At Monroe Carell Jr. Children’s Hospital at Vanderbilt, our work extends beyond patient exam rooms. We are also searching for discoveries to offer better treatments, provide quality care and train the next generation of clinicians. The profiles here represent only a sampling of the tireless work performed daily to make Children’s Hospital a place of unwavering hope. In each issue, we also include a profile to highlight our longstanding partnership with our community pediatricians who help ensure all children receive the best care each and every day.
Molly Hood, MD, FAAP, had every intention of practicing internal medicine and caring for adults until a pediatrics rotation near the end of her third year of medical school at the University of Tennessee. She quickly changed her career track.
Hood’s father was a general surgeon who later completed a second residency and became a radiologist practicing at Southern Hills Medical Center in Nashville. Her mother was a nurse who taught nursing students at Morehead State University in Kentucky. Between the two, she was constantly surrounded by medicine growing up. But becoming a doctor, and especially a pediatrician, was not something she was drawn to early on. Now, she can’t imagine any other career.
“I did my peds rotation and absolutely loved it,” she said. “Then I decided to do a combined internal medicine/pediatrics residency. By the end of my residency, I realized I enjoyed pediatrics much more. You have such an ability to make a real impact in lifelong health during the early years of life as opposed to taking care of problems that already exist in internal medicine in adults.”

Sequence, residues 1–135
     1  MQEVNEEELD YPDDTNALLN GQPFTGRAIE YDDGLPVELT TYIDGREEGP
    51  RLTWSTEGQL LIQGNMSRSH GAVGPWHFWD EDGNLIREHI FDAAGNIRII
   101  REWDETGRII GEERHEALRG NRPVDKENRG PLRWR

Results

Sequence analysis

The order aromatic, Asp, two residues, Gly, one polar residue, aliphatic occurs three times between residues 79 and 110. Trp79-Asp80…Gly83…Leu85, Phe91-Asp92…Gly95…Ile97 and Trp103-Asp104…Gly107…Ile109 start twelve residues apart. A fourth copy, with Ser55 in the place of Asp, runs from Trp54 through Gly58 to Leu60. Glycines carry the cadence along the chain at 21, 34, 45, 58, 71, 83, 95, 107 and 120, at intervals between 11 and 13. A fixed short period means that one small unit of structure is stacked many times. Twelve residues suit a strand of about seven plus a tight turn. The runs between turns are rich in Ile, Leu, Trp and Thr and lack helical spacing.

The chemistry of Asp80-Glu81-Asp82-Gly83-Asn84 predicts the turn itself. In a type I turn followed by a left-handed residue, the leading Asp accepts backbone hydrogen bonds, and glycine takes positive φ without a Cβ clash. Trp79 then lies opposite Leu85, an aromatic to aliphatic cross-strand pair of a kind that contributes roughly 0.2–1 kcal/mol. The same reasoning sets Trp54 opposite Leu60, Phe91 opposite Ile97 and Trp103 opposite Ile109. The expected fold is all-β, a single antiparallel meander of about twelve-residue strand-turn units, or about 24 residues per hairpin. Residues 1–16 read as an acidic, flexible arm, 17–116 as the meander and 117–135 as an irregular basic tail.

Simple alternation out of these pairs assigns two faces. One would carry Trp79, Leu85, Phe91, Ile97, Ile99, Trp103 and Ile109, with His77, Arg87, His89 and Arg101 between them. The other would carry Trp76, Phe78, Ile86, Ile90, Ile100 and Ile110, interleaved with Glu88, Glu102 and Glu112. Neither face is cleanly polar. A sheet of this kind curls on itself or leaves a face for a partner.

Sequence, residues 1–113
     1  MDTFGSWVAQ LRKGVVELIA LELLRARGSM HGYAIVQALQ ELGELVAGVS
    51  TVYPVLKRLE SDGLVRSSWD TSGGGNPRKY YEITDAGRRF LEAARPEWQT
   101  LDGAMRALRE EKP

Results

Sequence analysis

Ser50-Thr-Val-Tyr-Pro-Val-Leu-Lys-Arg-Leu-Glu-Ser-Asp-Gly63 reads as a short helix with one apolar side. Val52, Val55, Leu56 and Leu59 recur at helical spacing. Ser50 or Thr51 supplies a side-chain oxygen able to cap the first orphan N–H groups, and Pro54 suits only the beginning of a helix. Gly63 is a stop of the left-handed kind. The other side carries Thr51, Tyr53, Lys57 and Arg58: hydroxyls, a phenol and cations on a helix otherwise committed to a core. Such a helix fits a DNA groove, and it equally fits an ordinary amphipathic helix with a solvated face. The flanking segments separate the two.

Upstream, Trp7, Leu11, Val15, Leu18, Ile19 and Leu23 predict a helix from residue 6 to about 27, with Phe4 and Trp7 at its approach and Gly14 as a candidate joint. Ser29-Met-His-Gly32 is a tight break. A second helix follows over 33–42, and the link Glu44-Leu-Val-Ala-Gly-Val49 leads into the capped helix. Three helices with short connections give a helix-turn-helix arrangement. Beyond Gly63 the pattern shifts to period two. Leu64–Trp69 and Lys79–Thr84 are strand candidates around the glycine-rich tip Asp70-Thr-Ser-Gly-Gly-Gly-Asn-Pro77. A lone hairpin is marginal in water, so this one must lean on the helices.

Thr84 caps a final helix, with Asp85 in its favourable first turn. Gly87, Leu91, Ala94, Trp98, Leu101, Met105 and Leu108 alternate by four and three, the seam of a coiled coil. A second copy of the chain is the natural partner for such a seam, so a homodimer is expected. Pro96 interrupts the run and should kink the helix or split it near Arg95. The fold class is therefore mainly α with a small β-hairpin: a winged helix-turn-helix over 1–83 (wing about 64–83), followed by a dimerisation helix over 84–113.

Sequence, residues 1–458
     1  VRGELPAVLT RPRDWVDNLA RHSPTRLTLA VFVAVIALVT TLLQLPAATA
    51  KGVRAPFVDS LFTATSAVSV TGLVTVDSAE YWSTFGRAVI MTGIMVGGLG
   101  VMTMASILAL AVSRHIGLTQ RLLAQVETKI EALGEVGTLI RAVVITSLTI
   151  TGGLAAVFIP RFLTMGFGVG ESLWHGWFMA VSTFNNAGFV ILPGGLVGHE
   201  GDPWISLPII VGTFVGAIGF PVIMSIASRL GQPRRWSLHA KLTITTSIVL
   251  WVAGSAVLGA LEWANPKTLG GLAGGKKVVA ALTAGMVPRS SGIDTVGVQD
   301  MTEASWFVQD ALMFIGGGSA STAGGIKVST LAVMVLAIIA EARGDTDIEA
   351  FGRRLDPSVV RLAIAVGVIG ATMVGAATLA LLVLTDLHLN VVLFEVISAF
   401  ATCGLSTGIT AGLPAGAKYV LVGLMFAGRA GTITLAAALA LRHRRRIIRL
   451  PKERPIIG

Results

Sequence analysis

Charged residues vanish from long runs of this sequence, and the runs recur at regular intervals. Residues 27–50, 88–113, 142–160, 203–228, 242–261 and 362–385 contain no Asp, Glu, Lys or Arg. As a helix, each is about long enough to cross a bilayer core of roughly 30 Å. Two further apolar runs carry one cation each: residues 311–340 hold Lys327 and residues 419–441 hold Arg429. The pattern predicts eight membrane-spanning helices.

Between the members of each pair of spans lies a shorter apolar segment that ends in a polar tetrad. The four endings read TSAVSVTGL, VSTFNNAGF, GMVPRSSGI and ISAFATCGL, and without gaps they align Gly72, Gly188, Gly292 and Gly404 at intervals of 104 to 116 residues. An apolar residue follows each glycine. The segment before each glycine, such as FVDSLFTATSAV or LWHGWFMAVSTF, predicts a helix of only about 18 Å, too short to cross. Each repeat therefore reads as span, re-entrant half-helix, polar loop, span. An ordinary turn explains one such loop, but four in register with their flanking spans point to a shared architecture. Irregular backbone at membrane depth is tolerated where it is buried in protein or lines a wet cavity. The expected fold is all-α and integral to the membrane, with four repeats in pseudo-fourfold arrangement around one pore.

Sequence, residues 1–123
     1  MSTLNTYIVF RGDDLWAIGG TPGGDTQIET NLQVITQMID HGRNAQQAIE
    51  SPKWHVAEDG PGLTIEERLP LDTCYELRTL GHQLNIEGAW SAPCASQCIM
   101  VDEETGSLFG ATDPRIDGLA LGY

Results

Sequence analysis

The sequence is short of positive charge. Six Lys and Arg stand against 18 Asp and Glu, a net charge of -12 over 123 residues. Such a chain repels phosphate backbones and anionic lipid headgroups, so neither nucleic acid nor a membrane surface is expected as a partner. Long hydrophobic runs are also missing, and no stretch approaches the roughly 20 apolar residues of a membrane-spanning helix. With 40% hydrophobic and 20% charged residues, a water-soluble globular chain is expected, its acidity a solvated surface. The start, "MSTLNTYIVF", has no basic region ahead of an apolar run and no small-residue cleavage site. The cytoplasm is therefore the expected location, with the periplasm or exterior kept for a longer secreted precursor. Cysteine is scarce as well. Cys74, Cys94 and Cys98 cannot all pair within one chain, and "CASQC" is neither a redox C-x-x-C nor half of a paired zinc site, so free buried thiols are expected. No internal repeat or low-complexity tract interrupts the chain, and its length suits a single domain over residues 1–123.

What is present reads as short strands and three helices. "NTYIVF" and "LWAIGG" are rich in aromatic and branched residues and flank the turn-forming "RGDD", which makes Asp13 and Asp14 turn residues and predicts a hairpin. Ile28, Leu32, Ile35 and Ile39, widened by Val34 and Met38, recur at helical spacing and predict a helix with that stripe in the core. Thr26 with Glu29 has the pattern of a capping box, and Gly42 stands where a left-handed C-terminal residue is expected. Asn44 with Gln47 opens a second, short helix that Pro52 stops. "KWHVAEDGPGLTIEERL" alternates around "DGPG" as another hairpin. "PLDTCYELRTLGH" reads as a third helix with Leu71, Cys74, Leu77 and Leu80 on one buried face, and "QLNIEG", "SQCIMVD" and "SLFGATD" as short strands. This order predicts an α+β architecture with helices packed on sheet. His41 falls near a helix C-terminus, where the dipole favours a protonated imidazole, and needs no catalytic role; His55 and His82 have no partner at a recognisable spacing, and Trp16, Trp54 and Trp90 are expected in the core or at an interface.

Hood served as pediatric chief resident at LeBonheur Children’s Hospital and practiced pediatrics in Memphis,
Tennessee, before joining Pediatric Associates of Franklin in 2005. The Williamson County practice has cared for families for more than 40 years and has been voted “Best Pediatric Practice” for 20 years by readers of Williamson Parent Magazine.
As a graduate of Brentwood High School, Hood was returning to familiar surroundings, but she credits her mentors at the practice, Ray McNeeley, MD, and Scott Brooks, MD, for helping her find secure footing in private medical practice.
“I had a lot to learn,” Hood said. “Back then, most of your residency training was inpatient, where you learned how to care for hospitalized patients. You have some clinic exposure, but it’s not the day-to-day life of a private practice by any means. They were big influences for me here, in everything from how to actually manage a practice to how to best care for both patients and their families.”
Another huge support has been her practice’s close connection with specialists at Monroe Carell Jr. Children’s Hospital at Vanderbilt who are always available to answer her questions or help manage patients’ more complex care. And the resources of the Cumberland Pediatric Foundation, a nonprofit company that supports scientific, charitable and educational needs of
pediatric practice members, have been especially invaluable, she added. Today, Hood serves as vice president of the foundation.
“The Cumberland Pediatric Foundation is a way to make great personal connections with both specialists at Vanderbilt and with other area pediatricians,” she said. “It really helps provide a great sense of community.”
Hood credits a patient’s family with connecting her to a specialty close to her heart, caring for children with Down